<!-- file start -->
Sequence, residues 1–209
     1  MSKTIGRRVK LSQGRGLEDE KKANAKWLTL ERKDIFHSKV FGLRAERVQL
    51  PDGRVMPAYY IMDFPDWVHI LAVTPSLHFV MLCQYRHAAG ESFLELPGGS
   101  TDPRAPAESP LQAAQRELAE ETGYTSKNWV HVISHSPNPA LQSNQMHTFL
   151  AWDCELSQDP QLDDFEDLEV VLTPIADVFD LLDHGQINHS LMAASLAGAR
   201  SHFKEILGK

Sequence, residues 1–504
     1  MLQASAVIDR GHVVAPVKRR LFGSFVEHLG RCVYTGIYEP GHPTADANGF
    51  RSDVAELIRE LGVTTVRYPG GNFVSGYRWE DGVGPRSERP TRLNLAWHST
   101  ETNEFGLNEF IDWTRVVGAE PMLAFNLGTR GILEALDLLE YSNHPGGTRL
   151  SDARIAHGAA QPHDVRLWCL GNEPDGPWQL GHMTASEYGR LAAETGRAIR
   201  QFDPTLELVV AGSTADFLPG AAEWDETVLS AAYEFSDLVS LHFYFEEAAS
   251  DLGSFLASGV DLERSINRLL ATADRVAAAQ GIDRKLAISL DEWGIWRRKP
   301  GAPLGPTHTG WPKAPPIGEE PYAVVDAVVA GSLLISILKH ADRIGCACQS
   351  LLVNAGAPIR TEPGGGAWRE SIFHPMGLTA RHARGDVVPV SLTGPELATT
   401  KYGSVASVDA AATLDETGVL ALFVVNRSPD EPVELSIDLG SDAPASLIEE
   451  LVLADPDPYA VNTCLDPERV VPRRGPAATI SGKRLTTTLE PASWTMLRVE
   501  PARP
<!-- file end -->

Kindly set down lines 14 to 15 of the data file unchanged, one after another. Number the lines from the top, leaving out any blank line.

   301  GAPLGPTHTG WPKAPPIGEE PYAVVDAVVA GSLLISILKH ADRIGCACQS
   351  LLVNAGAPIR TEPGGGAWRE SIFHPMGLTA RHARGDVVPV SLTGPELATT